We had a hell of a time keeping Griff from endangering himself with food. That’s also how he became temporarily obese.
First, he learned how to open the lower kitchen cabinets. Once he did this, he would drag out dangerous items, like three pound bags of semi-sweet chocolate chips (he ate the entire bag, approximately $900 in vet bills), or boxes of dried coconut (even he couldn’t finish the coconut, and he was shitting it out seven times a day for about four days), or canisters of whey protein powder which he then also dragged all over the carpet, his dog bed, Ozzie’s white fur, the couch, and in his water bowl (he was so thirsty for days after this), or packets of sugarfree gum (another vet bill, an easy $600 this time).
Next he learned how to knock hanging items off the fridge by essentially slamming his body weight against it. This was how he managed to consume a sixteen pack of hamburger buns twice, half a package of everything bagels, and an entire bag of garlic croutons. He was straight up shitting yellow.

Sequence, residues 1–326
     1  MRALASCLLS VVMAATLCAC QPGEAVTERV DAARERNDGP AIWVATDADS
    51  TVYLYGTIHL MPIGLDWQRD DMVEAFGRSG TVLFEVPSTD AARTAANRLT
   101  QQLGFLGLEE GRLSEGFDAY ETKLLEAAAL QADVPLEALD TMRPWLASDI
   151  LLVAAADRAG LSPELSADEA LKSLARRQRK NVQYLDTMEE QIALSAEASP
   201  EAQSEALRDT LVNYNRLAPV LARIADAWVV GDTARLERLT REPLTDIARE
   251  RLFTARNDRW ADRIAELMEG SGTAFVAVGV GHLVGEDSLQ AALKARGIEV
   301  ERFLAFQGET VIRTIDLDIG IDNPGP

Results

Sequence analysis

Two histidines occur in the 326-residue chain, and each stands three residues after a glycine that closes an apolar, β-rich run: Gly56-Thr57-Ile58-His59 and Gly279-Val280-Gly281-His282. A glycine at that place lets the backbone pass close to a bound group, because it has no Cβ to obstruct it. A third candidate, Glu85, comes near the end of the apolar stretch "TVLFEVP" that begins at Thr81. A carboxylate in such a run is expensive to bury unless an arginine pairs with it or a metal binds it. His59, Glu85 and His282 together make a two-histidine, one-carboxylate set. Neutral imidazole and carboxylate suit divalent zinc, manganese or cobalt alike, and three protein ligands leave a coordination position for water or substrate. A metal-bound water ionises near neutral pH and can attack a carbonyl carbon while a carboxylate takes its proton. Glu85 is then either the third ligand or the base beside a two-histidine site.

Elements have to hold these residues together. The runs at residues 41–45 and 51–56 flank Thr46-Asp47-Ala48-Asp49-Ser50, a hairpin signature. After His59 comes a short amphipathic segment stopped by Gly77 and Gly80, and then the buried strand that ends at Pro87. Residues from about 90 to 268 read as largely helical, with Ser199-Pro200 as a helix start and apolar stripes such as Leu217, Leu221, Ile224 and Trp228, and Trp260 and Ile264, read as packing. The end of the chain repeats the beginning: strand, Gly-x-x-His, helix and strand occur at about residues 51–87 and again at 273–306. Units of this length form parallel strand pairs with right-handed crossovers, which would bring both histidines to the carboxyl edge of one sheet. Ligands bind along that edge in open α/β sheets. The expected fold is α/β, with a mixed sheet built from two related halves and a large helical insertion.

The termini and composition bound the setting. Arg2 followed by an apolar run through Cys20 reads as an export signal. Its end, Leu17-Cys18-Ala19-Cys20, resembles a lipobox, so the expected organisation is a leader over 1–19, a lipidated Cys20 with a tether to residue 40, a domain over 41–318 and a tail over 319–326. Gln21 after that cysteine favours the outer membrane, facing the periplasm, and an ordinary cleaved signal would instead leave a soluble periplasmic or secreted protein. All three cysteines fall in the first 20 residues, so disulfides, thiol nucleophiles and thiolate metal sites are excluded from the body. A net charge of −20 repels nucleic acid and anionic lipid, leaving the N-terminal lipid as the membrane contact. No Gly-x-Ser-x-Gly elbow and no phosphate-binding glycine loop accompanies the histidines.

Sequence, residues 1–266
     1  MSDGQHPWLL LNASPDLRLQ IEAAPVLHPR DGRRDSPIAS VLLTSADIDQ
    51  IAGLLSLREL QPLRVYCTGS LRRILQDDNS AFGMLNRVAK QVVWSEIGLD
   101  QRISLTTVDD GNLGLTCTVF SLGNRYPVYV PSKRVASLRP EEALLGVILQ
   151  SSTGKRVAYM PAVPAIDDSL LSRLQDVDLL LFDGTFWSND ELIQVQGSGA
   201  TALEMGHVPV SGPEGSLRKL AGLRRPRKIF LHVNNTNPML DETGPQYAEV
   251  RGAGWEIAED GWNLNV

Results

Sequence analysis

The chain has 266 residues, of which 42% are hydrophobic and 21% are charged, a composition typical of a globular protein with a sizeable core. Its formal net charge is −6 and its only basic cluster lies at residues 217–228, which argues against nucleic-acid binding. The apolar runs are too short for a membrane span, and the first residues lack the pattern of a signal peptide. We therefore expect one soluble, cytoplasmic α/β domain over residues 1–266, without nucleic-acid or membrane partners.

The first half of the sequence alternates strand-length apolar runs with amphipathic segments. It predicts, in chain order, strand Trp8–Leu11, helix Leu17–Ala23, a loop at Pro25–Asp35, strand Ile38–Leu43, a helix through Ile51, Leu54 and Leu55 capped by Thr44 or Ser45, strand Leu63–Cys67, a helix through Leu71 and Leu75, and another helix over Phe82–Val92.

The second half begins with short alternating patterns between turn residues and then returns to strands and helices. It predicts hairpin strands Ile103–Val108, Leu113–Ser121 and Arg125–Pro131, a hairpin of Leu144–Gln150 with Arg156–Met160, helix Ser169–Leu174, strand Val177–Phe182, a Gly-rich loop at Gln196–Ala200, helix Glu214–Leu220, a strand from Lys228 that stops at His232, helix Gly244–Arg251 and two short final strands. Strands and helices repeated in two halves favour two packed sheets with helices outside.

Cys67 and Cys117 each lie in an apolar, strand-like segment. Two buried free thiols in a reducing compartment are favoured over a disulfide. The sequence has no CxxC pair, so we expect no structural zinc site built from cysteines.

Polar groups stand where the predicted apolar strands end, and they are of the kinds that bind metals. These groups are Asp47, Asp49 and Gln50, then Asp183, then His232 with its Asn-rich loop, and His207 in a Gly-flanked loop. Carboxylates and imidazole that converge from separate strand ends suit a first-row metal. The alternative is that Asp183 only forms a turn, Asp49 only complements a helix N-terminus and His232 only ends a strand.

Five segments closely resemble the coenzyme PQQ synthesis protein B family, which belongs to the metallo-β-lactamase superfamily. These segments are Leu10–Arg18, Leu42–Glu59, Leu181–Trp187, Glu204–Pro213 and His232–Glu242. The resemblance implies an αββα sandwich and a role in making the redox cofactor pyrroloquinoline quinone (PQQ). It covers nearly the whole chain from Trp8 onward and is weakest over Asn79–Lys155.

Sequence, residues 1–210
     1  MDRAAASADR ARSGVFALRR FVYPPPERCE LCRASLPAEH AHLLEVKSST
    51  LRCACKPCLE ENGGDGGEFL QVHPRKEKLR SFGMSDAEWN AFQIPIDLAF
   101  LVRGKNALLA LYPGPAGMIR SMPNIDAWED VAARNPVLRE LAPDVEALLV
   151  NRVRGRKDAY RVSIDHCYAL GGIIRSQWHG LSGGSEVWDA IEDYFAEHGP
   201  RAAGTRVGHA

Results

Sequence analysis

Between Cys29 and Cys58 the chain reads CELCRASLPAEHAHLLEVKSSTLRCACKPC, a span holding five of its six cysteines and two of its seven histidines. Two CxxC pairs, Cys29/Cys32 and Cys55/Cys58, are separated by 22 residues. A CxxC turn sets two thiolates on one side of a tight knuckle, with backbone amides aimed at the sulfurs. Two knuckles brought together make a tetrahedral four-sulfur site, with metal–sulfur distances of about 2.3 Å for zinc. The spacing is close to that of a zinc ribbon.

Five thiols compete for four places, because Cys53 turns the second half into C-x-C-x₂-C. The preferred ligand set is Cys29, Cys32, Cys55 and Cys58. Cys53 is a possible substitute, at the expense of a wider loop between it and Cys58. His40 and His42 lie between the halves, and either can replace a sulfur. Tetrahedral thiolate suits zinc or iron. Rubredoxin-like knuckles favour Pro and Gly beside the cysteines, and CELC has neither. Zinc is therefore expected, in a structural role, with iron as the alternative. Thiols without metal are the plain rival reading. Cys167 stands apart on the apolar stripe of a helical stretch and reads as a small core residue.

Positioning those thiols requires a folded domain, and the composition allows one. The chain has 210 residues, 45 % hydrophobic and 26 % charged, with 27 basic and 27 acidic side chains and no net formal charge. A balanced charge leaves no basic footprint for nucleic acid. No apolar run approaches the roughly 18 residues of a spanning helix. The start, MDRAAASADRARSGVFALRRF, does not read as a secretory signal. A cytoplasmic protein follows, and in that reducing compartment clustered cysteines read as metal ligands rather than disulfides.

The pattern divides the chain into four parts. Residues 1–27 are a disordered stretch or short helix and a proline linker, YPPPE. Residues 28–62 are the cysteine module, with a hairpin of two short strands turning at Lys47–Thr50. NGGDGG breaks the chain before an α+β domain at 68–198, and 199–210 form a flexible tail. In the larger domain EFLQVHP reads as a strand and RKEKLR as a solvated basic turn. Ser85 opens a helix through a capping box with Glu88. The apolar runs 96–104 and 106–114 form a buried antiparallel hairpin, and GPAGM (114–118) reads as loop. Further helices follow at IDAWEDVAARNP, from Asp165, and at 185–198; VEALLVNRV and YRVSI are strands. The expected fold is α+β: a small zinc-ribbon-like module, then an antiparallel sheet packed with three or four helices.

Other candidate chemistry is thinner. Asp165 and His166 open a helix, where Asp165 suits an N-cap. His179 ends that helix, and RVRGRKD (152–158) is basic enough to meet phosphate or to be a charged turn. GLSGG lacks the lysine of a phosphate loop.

We were beside ourselves. Mostly because, on top of that, he had also learned how to open the closet which contained the garbage, and he would forage around on an hourly basis, sometimes just eating the wrappers off things. There was no stopping him.
We tried hooks, baby locks, spray bottles, crating (he shrieked so loudly, the neighbor complained). Because we’re idiots, we finally figured out we needed to quarantine the entire area, that he just could not be trusted in or around a kitchen. So, in a light bulb moment, Max ran to Target and purchased the most heavy duty, tallest, most full proof baby gate he could find.